Once the rush of scoring touchdowns is over, what's next?
That's the question that Tennessee Titan Karim Barton is hoping to find an answer to.
When the 6-foot-3, 313 pound NFL lineman isn't tackling opponents on the field, he is tackling opportunities head on and thinking about his next journey. He is living out his dream on a national playing field now, but knows that dream could end at any moment.
"The NFL is just a short period of my time," Barton said. "You never know, it could be an injury or it could be a cut or you could get released. Anything could happen."
So before his time is up, he is hitting the career field running. The 25-year-old is taking advantage of the NFL Players Association Externship program, which allows NFL players to gain experience outside of football through internships with various companies. He's interned at Under Armour, Fanatics, Mattress Firm, he just spent the past three weeks on Capitol Hill. Going into his fourth season in the NFL, he wants to seize every opportunity.
"I'm just trying to find that one passion other than football. Because it's what gets me up in the morning to go to work, to compete, and all that kind of stuff, but on the outside, I'm just taking advantage of this opportunity to find that one thing that I can say, 'Yes that's me 100%' where I can get up and be passionate about it."
Learning the ins and outs of politics, Barton has been shadowing Rep. Yvette D. Clarke, doing research on issues such as immigration, and attending meetings. Last week he attended Trump's address to a joint session of Congress — which he called "eye opening," sat in on the anti-doping hearing where Olympic swimmer Michael Phelps testified, and interacted with Clarke's constituents at a town hall in Brooklyn, NY.
Raised in Kingston, Jamaica, Barton has also helped with research on a resolution to exonerate Jamaican civil rights activist Marcus Garvey. Congresswoman Clarke says he has adapted to the political environment "like a fish in water."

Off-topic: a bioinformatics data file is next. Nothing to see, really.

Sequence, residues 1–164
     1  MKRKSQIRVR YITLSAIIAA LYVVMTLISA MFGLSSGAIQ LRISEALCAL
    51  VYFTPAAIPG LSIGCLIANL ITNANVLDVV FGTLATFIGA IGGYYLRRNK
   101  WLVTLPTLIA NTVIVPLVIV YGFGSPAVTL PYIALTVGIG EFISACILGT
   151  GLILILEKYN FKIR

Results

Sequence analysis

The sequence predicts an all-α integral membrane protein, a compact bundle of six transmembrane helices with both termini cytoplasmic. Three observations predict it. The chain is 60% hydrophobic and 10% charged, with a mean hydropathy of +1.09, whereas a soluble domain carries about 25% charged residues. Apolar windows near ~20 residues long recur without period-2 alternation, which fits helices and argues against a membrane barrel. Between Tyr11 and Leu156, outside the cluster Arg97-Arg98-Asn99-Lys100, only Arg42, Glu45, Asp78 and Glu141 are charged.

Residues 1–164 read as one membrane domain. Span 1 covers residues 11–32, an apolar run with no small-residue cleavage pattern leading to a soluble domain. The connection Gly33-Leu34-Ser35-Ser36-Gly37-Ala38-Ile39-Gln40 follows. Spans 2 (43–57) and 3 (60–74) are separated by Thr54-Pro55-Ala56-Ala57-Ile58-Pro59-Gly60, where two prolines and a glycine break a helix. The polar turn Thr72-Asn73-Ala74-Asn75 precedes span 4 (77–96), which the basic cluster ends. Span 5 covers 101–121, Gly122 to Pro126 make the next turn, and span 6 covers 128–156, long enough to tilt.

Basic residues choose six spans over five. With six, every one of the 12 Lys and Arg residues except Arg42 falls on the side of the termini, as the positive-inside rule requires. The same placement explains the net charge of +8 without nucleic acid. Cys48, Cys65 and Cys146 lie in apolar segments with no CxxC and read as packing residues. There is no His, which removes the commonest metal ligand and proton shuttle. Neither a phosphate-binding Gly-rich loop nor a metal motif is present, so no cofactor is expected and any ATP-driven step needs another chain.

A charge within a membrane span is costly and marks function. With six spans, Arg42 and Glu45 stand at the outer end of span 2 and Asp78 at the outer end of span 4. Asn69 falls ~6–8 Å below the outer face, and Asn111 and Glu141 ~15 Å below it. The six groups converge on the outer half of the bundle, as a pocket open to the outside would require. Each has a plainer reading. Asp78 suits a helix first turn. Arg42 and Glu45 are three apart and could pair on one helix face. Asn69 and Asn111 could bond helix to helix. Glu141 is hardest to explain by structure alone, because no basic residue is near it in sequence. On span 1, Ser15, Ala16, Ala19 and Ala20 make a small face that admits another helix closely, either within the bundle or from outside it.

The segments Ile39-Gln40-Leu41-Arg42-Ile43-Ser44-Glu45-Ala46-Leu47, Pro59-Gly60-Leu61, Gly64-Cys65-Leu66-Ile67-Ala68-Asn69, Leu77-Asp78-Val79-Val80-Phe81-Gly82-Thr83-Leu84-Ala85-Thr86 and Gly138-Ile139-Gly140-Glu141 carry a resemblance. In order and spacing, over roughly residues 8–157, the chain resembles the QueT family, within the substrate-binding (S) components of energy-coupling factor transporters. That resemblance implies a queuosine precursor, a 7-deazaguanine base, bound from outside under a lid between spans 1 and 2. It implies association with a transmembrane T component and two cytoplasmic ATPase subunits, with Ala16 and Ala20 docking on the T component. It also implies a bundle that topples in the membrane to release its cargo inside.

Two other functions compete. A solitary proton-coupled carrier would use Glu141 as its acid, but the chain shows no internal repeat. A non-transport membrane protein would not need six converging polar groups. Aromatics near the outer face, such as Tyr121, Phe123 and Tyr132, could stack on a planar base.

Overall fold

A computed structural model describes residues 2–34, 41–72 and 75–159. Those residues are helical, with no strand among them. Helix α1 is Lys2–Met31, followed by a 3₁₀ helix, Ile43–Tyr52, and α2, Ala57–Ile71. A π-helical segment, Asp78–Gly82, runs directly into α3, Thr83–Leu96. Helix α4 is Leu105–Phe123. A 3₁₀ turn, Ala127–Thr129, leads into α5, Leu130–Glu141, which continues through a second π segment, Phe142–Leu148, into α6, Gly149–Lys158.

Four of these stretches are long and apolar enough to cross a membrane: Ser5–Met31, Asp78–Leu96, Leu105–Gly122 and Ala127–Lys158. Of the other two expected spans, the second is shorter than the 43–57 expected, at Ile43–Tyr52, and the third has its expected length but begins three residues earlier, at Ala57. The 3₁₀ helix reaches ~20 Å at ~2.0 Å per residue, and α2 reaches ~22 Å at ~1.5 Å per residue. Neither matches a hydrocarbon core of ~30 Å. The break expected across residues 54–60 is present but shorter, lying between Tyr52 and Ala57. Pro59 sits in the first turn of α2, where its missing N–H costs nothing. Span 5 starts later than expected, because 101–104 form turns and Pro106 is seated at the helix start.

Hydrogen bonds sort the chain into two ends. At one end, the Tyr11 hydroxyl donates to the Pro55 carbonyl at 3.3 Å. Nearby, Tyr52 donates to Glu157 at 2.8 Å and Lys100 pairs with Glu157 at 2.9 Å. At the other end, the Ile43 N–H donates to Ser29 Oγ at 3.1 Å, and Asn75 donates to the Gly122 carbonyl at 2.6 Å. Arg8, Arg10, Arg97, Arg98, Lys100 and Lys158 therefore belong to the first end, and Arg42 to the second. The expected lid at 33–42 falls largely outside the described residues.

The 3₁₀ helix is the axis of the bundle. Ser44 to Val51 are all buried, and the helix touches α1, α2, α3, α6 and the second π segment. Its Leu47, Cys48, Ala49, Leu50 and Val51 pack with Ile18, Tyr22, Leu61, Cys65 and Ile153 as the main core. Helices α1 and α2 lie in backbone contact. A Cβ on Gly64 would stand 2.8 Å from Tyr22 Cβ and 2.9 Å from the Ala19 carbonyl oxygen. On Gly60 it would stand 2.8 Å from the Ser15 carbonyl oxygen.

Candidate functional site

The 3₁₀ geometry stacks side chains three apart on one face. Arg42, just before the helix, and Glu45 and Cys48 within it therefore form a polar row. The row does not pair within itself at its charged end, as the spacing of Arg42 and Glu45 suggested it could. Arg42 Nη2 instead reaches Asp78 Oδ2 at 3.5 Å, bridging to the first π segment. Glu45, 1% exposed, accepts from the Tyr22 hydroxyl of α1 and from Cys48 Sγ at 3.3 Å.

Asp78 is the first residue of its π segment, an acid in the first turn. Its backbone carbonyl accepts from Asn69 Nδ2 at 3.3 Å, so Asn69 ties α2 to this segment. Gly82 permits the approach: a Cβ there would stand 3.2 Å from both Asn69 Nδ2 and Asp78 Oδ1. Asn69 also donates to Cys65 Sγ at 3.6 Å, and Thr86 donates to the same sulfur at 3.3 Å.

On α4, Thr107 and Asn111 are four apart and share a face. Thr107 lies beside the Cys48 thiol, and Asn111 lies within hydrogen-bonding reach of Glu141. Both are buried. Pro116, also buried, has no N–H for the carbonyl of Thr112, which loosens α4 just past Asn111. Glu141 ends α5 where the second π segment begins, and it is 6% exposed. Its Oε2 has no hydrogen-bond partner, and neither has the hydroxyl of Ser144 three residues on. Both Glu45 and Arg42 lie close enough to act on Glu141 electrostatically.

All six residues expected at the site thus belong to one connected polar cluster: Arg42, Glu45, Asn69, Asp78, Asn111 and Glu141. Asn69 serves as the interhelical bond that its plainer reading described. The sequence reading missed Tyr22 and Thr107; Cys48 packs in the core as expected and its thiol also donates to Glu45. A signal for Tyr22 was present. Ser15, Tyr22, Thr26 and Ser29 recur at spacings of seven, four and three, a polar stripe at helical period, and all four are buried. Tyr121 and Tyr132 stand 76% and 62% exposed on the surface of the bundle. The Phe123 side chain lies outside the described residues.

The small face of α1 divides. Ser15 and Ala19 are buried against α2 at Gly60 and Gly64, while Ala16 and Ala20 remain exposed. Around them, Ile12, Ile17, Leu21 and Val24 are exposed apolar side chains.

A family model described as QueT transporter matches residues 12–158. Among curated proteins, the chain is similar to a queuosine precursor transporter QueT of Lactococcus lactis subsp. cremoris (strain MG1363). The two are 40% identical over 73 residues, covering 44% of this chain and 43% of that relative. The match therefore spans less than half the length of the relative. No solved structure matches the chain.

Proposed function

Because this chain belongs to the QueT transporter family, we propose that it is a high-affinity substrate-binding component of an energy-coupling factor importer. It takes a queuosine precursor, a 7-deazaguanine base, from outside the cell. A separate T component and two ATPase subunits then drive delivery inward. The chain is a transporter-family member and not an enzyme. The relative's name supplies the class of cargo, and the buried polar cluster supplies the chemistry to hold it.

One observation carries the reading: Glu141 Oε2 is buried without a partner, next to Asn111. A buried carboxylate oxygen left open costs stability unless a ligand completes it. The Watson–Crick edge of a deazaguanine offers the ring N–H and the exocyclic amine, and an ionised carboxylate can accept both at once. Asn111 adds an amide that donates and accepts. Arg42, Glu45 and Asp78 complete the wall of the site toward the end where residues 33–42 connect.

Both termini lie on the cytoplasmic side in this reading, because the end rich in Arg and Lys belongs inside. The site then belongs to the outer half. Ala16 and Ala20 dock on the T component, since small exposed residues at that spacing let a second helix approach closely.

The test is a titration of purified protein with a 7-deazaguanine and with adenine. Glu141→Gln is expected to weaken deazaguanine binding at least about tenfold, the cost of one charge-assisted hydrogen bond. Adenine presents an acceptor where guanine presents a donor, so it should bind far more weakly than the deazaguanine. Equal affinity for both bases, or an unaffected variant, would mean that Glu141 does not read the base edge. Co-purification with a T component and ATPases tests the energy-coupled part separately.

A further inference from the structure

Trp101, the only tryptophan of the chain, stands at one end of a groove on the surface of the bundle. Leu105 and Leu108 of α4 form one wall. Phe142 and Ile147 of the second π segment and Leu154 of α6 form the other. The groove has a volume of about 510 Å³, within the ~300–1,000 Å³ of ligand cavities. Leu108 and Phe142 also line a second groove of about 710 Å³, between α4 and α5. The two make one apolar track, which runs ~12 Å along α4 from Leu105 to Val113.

"I think this level of exposure has been feeding something within in him in terms of being a humanitarian," Clarke said. "He has the aptitude for diplomacy and he could be a diplomat one day."
Barton says the experience has been overwhelming and of the externships he's done so far, his time on the Hill resonates deep.
"It really hits home for me. I have family back home in Jamaica and for me to be exposed and to learn as much as I can that when I talk to them I can tell them, 'You write this person or fill out this paper to get what you need,' Barton said. "That's all I want is to have an opportunity to help my family members to have an American Dream. It's paramount to me."
The externship program is in its fourth year and has become competitive, with 92 players submitting applications and 41 being accepted to intern across 15 different companies. Dior Ginyard, program coordinator of the NFLPA externship program says it gives players an opportunity to find other interests before they retire.
"The average career for most players is three years. The majority of players have to have second jobs, they're not millionaires forever," Ginyard said. "For some of them football is all they know and there are other things they're passionate about outside football. They can hone the skills they already have or discover the ones they didn't know they had. "
Though Barton is intrigued by political affairs, he's not sure if it will be his career once he retires his cleats. He encourages other players to apply for the program and build connections.
"It's never too late. Take advantage of these opportunities. They are there, the NFLPA provides them for you," Barton said. "I was scared at first when I started at Under Armour but I put that aside and became open. Be open minded to new things and try new things. Get out of that mode of focusing on football 100%. In the off season take advantage of your time, get out there and network."